In the Deller household, we are awaiting the arrival of our first child, which is an exciting and terrifying moment. It’s amazing how quickly the discussion turns from acquiring all of the required nappies and equipment to preparing for saving for their future before they’re even born. I am often told that the time will go quickly and soon enough our first-born will be 18, all grown up and ready to leave home.
A similar coming of age is approaching in the world of financial reporting, with the first-born about to go through a similar change. IAS 1, Presentation of Financial Statements, is about to become an IFRS and turn 18, as it is being replaced by IFRS 18, Presentation and Disclosure in Financial Statements, likely to be issued in early 2024.
A major change relates to two new subtotals in the statement of profit or loss
The replacement standard is going to usher in some significant changes in terms of the statement of profit or loss and disclosures for many entities. This first of two articles will focus on some of the major changes proposed to the statement of profit or loss.
It is important to note that while there is not likely to be any significant changes made at this stage to the current draft of IFRS 18, the proposals are still classed as tentative until the final standard is issued.
A major change relates to two new subtotals that are to be included in the statement of profit or loss, namely ‘operating profit’ and ‘profit before financing and income tax’. These subtotals would also mean that an entity would present income and expenses recorded in several specified categories: operating, investing, financing, income taxes and discontinued operations. The allocation of items between operating, investing and financing will be one of the key changes that entities will have to be prepared for.
Some items could be difficult to assess, as they could fit in several categories
The operating category is really seen as the default category for income and expenses. It comprises all income and expenses relating to an entity’s main business activities, whether they are volatile and unusual or not.
This could mean that income or expenses from investments or from providing finance to customers are included here if that is the main business activity of the entity.
An entity will need to use its judgment in assessing whether it invests in assets or provides financing to customers as a main business activity. The decision should be based on factors such as the operating performance measures used in public communications, and information about segments if IFRS 8, Operating Segments, is applied.
Entities will continue to be required to present operating expenses based on either their nature or function, or a mixed presentation, whichever provides the most useful information. Entities presenting expenses by function will be required to disclose what types of expenses (based on their nature) are included in each functional line item. They will also be required to produce information about operating expenses by nature in a single note. Entities will be required to disclose the amounts of depreciation, amortisation, employee benefits, impairments and write-downs of inventories included in each function line item.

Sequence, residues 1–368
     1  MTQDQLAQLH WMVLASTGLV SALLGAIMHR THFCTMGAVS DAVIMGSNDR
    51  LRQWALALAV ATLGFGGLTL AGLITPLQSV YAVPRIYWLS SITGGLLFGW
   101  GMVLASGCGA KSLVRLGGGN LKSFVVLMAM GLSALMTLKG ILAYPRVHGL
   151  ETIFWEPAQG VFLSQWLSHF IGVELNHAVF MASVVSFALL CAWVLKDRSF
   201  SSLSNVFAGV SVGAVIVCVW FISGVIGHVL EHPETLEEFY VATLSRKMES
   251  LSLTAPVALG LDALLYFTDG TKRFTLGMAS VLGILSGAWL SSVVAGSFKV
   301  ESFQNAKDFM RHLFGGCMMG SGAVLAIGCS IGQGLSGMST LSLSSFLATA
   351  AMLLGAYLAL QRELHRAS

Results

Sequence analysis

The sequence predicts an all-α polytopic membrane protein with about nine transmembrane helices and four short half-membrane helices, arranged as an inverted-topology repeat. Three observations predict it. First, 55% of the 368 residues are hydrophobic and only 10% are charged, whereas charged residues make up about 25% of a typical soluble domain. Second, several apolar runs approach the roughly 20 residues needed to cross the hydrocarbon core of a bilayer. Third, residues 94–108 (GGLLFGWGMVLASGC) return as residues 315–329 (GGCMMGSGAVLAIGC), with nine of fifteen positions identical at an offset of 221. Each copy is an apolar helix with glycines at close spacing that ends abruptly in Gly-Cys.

Entities that present cost of sales will be required to include within cost of sales the carrying amount of inventories recognised as an expense.
The investing category will include income or expenses from assets that generate returns individually and largely independently from other resources held by the entity. Such assets would include associates or joint ventures, and any income or expenses from cash and cash equivalents would also be included.
Any income or expenses arising from the disposal of individual assets or disposal groups (including items held for sale) would not be classified here unless the income or expenses from the assets were also recorded in the investing category. The income or expenses arising from the disposal would be recorded in the same category as the income and expenses from the item while it was being used by the entity prior to the decision to dispose of it.
The financing category will include income or expenses from liabilities that arise in the raising of finance. As stated earlier, entities providing finance to customers as a main activity are unlikely to use this category. As a result, these entities would also not present the subtotal ‘profit or loss before financing and income tax’ if they classify these items in the operating category.
Some items could be difficult to assess, as they could potentially fit in several categories. One such item relates to foreign exchange differences. The tentative decision is to record the foreign exchange difference in the same category as the income or expenses from the items that gave rise to the differences, unless doing so would involve undue cost or effort. This means that foreign exchange differences on liabilities used to raise finance would go in the financing category, and foreign exchange differences on tax balances would go into the income tax category.
In year one, a reconciliation between each line item in IAS 1 and IFRS 18 will have to be disclosed
IFRS 18 is currently projected to be applicable for annual periods beginning on or after 1 January 2027. An entity will be required to apply IFRS 18 retrospectively.
In the first year of application, an entity will be required to disclose a reconciliation between each line item in the statement of profit or loss presented by applying IAS 1, and each line item presented by applying IFRS 18. This would be required for the comparative period immediately preceding the period in which IFRS 18 is first applied. It is permitted, but not required, for the first period in which IFRS 18 is first applied.
Watch and learn
Watch Adam Deller’s series of videos explaining the fundamentals of IFRS